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Brain Injuries and NFL Players

Violent hits can result in lasting injuries and medical issues for football players. Leagues discourage such hits, but lawsuits may result in some cases.
 
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    February 21, 2013 /24-7PressRelease/ -- American football can be a violent sport. It is, after all, a sport where contact is required. The NFL takes dangerous contact seriously, leveling fines against players who deliver unnecessarily violent hits. Yet, there is plenty of room for improvement.

According to an article in The New York Times, numerous former players brought lawsuits against the National Football League in 2012. The players maintain the NFL was not forthcoming with facts regarding how dangerous concussions, and especially multiple concussions, could be for players. The league is also facing opposition from its insurers. As the evidence about the dangers of concussions and other brain injuries mounts, the league will have to address these issues for both former and current players.

Ailments Caused by Brain Injuries

The scientific journal, Brain, has linked multiple concussions with long-term, degenerative brain disease. In fact, the head injuries did not have to equate to a concussion -- even repeated mild jarring of the brain could cause brain disease.

Along with the possibility of developing a degenerative illness, those who have suffered brain injuries can also suffer from other ailments, such as personality changes, mood swings, headaches, dizziness and ringing in the ears.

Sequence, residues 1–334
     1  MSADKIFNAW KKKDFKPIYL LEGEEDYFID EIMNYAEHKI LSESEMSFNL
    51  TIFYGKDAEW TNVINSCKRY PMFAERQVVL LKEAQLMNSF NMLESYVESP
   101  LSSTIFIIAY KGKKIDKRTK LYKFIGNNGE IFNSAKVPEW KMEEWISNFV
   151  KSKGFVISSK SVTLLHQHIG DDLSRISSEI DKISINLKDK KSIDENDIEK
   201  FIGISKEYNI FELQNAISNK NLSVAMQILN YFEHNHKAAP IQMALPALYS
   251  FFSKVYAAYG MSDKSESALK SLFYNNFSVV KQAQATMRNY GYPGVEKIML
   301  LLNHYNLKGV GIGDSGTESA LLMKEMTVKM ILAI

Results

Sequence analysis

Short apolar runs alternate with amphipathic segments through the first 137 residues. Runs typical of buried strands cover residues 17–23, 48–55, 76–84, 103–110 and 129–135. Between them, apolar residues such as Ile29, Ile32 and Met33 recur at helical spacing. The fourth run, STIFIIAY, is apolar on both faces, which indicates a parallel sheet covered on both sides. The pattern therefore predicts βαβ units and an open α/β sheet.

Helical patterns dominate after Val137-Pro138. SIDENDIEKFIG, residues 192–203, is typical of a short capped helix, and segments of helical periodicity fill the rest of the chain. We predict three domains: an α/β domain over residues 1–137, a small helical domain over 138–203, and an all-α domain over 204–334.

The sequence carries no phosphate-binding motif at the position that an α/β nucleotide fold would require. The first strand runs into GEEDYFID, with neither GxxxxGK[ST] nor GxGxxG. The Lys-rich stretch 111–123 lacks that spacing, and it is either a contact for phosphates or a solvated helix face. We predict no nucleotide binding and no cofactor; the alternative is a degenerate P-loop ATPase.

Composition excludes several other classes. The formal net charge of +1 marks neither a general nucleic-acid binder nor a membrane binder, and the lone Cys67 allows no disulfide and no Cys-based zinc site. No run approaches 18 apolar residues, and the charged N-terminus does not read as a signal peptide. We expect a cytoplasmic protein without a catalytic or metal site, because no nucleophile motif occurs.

The risk of the disease and various long-term problems, however, is not enough to change the game, for either the league or its players. According to one current player, the word "concussion" is a four-letter word in a locker room. Players would rather take the hits, shake them off, and keep playing than be labeled, and some teams are giving the impression that if a player wants to take that approach, they will turn a deaf ear to the injury.

For example, the NFL has claimed that the number of concussion injuries decreased over the last two years, going as far as to announce a 13 percent decline in concussions from the previous year. Some experts claim the data the NFL provided to back up that claim is flawed.

In an article by ESPN, experts explain that some of the discrepancies have occurred because each team is allowed to create their own "code" regarding a player's injuries and playing status after a concussion or head trauma. Also, there have been instances where a team's medical staff have sent players back into a game even though the player fit the criteria for a brain injury and technically should not have been allowed back in the game.

Lawsuits Could Follow Violent Hits

Until the league is ready to fully address this issue, players are going to continue to suffer these types of injuries, and the lawsuits against the league will continue, leaving the sport as dangerous as ever. Any players, whether they play for the NFL or a high school league, who feel they have suffered a brain injury due to negligence should seek the guidance of legal professionals. It may be possible to recover compensation for injuries, medical bills, pain and suffering, and other economic and noneconomic damages caused by the negligence.

Article provided by Girardi Keese
Visit us at www.girardikeese.com



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